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What is Investment Research?

Investment research is the process of poring through information and using personal skills and understanding to make sound choices about putting money to work. It is a subset of financial research that analyzes and provides advice on investments. Research is conducted using one or more of the following: fundamental analysis, technical analysis, quantitative analysis, credit analysis and alpha generation.

While many think that investing is simply a matter of buying stocks, bonds, mutual funds or other securities, watching them grow and then cashing them in at a later date, this is only true for some investors. The truth is that there’s much more to it which makes the subject of investment research all the more important.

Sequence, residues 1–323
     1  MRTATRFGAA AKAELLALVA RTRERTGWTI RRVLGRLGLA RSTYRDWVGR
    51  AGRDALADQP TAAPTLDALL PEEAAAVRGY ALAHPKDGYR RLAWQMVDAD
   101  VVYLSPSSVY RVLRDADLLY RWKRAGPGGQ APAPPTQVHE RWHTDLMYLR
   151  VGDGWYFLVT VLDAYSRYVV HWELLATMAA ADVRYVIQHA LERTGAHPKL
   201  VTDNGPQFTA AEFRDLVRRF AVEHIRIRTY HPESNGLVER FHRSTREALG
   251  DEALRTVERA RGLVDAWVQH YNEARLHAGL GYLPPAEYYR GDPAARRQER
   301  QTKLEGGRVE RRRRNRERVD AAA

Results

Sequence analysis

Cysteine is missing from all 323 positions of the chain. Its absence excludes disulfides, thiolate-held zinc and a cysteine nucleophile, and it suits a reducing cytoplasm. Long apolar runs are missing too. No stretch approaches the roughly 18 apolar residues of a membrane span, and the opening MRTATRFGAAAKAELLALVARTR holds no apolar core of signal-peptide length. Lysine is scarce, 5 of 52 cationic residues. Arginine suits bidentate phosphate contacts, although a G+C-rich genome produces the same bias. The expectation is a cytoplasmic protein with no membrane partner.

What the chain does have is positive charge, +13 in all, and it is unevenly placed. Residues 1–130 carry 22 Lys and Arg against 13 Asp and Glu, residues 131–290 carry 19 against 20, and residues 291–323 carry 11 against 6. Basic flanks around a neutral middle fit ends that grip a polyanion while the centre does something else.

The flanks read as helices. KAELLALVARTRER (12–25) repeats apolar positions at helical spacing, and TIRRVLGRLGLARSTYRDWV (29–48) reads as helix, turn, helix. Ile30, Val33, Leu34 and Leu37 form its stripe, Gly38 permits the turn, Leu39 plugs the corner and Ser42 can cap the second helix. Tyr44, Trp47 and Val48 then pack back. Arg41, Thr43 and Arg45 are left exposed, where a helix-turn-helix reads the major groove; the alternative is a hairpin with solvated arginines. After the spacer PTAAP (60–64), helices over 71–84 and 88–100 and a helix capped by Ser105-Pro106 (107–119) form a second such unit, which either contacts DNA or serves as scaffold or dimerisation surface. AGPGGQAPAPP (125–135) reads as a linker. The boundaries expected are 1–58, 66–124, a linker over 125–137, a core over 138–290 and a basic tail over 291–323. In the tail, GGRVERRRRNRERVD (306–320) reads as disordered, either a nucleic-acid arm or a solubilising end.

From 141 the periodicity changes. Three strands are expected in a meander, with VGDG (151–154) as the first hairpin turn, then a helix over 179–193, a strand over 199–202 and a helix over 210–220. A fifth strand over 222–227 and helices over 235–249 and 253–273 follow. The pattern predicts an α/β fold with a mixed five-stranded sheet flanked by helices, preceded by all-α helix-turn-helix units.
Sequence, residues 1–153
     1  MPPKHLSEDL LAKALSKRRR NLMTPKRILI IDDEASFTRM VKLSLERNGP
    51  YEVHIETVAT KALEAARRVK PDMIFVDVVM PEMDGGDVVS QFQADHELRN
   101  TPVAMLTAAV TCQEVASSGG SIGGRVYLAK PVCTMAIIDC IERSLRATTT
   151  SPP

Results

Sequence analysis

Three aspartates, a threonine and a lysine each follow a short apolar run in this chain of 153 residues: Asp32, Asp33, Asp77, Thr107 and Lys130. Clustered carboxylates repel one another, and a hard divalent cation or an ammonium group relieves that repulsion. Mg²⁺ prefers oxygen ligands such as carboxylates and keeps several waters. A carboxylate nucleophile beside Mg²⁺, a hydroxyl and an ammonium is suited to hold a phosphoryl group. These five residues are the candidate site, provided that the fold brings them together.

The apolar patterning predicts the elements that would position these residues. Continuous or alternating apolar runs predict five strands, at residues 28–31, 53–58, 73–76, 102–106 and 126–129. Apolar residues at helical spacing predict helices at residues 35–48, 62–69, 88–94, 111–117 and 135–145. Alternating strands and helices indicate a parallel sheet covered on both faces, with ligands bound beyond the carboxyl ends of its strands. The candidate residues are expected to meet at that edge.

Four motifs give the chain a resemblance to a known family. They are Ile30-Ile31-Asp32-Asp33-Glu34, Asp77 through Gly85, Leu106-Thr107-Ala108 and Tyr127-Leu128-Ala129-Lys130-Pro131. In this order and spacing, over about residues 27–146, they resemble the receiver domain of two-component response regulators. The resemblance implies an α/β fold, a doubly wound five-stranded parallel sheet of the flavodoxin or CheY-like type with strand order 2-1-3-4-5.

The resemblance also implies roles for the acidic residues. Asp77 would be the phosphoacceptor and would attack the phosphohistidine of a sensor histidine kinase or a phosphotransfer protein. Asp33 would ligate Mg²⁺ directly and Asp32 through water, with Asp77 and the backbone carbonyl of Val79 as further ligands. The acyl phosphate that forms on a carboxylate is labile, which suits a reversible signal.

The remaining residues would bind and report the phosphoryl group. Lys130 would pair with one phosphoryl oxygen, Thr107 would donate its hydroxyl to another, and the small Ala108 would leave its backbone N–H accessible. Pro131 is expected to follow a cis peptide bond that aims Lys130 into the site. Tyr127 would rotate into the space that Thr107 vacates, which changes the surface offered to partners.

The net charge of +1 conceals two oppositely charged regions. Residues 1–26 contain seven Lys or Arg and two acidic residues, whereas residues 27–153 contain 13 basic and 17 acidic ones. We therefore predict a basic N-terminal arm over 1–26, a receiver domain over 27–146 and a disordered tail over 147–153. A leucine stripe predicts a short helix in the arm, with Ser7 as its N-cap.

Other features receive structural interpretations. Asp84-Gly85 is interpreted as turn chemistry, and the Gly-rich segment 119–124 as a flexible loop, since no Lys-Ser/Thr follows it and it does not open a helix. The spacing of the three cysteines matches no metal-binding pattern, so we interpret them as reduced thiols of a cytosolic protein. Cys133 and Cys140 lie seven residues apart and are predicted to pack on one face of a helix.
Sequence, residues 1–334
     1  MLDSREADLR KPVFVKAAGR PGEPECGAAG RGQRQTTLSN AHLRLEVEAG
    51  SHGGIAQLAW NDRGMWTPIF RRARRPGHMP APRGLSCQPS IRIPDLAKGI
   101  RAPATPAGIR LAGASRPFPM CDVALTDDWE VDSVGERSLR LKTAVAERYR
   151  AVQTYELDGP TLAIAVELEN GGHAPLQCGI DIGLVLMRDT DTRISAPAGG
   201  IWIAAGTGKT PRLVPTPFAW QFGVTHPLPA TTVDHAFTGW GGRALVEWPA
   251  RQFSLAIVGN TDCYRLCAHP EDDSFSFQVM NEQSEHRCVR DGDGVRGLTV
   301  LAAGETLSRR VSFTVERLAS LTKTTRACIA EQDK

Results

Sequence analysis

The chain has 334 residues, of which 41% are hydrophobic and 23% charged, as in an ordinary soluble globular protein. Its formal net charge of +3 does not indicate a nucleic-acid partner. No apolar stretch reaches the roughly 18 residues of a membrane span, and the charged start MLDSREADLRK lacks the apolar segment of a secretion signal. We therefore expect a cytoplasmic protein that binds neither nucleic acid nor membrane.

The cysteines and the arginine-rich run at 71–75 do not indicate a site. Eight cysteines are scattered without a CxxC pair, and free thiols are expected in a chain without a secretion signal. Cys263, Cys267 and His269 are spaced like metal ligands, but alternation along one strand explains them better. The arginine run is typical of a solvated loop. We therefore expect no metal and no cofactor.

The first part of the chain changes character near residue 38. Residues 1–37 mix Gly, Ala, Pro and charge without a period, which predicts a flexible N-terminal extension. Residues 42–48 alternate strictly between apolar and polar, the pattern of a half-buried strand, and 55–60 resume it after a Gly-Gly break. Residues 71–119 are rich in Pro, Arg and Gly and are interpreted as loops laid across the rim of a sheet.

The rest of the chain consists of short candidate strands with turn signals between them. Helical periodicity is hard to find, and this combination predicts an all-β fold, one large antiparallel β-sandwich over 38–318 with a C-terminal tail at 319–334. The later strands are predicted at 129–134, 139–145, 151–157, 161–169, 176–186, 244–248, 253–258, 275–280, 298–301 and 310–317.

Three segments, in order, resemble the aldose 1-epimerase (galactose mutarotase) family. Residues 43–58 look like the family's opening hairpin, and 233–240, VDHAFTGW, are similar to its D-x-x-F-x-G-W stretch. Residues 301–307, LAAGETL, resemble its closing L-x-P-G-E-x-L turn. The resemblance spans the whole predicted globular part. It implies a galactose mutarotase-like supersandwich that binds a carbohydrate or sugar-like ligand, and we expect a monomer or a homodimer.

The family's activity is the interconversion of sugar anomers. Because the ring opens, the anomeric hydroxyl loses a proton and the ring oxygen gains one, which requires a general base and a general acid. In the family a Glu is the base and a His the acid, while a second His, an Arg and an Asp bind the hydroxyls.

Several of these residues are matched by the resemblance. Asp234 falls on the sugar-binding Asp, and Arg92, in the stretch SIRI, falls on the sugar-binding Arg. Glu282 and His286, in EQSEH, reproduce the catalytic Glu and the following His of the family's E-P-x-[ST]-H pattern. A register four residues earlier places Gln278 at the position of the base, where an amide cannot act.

Generally, investment advice is communicated in the form of an opinion about whether an investment will be profitable for the adviser’s client. If such opinions are prepared with a reasonable degree of care, skill and diligence they may be thought to be exempt from liability under securities legislation in most countries.

What are the Components of Investment research?

1. Fundamental analysis: the study and interpretation of available information and data related to a prospective investment or investment entity and how it will perform in the future. The key criteria for analyzing a prospective investment is usually profitability, usually measured as return on capital. Fundamental analysis also involves gaining an understanding of the company organisation and its financial status as well as due dilligence into background information such as financial statements, legal documents, records etc.